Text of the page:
Catfishing cosmonauts, scamming soldiers: Never fall in love online?


Eventually the moment comes in every online romance scam where the mark is asked to send cash to pay for the likes of an urgent medical operation or flights home. — dpa

BERLIN: Easy money, a super job, the dream apartment, a huge inheritance and, of course, the love of your life: internet scammers promise them all. If it sounds too good to be true, that’s because it is.

A particularly perfidious and also common form of internet fraud is catfishing, which involves scammers posing in social networks or dating apps and pretending to be in love so to make their victims emotionally dependent on them. A warning sign is that actual face-to-face meetings never happen.

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Eventually the moment will come when your great online love claims to have run into money problems and cash is needed urgently to pay for a medical operation for example.

The scammer may also tell a story about stolen suitcases or lost passports, outstanding wages or unpaid hotel bills. There’s no limit to the imagination they apply.

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While female love scammers (or ones purporting to be female) often try to wrap their victims around their fingers with photos or sexual advances, male love scammers use a different method.

They often pretend to be successful doctors, soldiers or pilots, the consumer protection website Watchlist Internet has observed.

For their profiles, the criminals often copy pictures from the Internet. Anyone who sends the photos through the reverse image search of Bing or Google may be able to track down where they were taken from.

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But whether male or female, the criminals have learned that they are particularly successful when they say their alter ego is abroad, explain consumer protectors.

In this scenario, the scammers also like to message or video chat with their victim to further manipulate them.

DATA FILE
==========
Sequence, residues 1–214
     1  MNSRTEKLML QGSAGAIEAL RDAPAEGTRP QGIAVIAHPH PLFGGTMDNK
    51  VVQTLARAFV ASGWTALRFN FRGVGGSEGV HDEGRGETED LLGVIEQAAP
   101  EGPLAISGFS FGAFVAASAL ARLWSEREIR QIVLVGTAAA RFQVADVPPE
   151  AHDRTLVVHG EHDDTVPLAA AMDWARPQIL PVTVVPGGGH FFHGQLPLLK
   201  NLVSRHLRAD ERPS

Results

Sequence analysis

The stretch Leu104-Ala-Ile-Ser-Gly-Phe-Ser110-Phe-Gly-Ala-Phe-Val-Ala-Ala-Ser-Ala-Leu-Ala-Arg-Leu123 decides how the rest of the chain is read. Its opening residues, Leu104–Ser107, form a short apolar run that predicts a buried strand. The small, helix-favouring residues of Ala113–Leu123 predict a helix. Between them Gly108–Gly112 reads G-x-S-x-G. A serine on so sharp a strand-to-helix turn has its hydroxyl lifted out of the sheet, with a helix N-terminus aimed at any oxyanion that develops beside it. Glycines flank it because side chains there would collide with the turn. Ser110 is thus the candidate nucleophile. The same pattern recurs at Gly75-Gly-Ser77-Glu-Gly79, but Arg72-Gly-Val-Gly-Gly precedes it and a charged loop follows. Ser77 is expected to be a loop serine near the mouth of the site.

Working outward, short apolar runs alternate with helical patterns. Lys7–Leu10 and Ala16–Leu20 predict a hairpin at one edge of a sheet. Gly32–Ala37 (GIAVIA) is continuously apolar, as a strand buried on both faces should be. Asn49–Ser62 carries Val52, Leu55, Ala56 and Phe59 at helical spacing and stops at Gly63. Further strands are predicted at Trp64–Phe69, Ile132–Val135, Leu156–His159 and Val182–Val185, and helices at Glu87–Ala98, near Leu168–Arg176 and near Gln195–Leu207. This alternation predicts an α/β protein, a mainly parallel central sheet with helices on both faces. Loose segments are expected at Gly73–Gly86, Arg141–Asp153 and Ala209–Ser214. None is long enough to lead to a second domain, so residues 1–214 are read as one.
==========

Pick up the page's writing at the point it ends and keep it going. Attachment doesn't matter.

At some point, the supposed soldier on assignment abroad will ask for cash via money transfer because he can’t access his own savings. At that point alarm bells should ring for the victim.

ALSO READ: Fake astronaut scams woman for US$30,000 ‘landing fee’ to return to Earth, Japan police say

The peak for this kind of fraud was surely reached when a scammer pretended to be a Russian cosmonaut on the International Space Station and persuaded a 65-year-old Japanese woman that he didn’t have the money for the return ticket to Earth.

With space photos and the promise to marry her as soon as he returned to Earth, he opened the lady’s heart and her wallet, tech website Gizmodo reports.

The woman transferred a total of 4.4mil yen (RM141,567) in five instalments until the steadily increasing monetary demands of the self-proclaimed cosmonaut finally gave her second thoughts and she contacted the police.

So what should anyone dating online be wary of? At the very latest, you should always become sceptical as soon as the question of money is raised, police advise. Namely, once you’re asked to make a pre-payment in return for something in the future.

Often the scammers will use adventurous stories about princes and gold treasures in order to fool their victims to hand over cash, often involving them being stuck abroad.

As a rule of thumb, criminologists advise that you should never transfer money to people you’ve never met or got to know in person, nor should you accept any other demands from them. – dpa

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